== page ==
Meet the Folks From Omar
According to US Census statistics, West Virginia is the least diverse of all the states in the union, at least as far as racial percentages are concerned. Unless they are obviously of African or Asian descent, West Virginians who have been here for a long time tend to forget that the parents and grandparents of their neighbors, the Harsanis, the Hidalgos, the Rahalls, Haddads, and Rashids, the Kaminskis and Kaufmans, the Spadafores, Biaforas, and the Manchins–who once were Mancinis–arrived to take advantage of opportunities in the industrial boom that was happening in West Virginia between 1880 and 1920.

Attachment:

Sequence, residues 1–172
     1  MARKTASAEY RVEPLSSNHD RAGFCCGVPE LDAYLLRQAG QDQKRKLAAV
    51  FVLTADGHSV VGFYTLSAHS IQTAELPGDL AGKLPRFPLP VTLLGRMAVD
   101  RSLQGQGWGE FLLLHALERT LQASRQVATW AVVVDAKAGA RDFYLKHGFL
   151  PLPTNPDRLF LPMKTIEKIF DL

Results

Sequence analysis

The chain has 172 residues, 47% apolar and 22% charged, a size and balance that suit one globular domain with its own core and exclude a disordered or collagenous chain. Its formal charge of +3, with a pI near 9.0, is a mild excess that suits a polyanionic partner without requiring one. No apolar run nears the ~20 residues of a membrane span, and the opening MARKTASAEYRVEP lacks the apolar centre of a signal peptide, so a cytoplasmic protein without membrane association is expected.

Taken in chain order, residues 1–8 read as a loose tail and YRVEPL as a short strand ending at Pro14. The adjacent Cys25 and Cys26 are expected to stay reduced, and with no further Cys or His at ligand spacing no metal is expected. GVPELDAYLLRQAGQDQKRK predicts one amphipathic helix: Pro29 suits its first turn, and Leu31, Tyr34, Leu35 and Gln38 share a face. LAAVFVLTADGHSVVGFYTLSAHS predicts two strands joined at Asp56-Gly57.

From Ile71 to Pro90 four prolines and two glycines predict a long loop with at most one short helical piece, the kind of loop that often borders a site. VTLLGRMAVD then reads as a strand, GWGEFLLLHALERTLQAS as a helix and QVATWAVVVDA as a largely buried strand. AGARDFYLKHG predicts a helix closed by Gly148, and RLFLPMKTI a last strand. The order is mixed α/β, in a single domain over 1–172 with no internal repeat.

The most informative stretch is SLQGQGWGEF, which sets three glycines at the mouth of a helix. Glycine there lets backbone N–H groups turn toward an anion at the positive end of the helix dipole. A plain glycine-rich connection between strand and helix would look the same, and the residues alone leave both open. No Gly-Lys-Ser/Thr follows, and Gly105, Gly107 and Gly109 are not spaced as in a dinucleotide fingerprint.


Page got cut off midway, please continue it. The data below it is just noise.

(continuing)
One might wonder how a place in southern West Virginia wound up with the name of Omar?
But diversity is not all about race and ethnicity. It’s about thought and opinion, gender and sexual orientation. It’s about cultural leanings, toward the North or the South. The “official” stance of West Virginia, surmised from its laws, is sometimes different from the informal West Virginia that is neighbor to neighbor. But there’s no doubt that West Virginians of every stripe are fiercely loyal, tribal, and not easily excited about the latest trend, whatever it may be. We love our traditions, and wrap ourselves in them.
The founders of the Create West Virginia initiative all have strong ties to the state. We hope to preserve what is best here.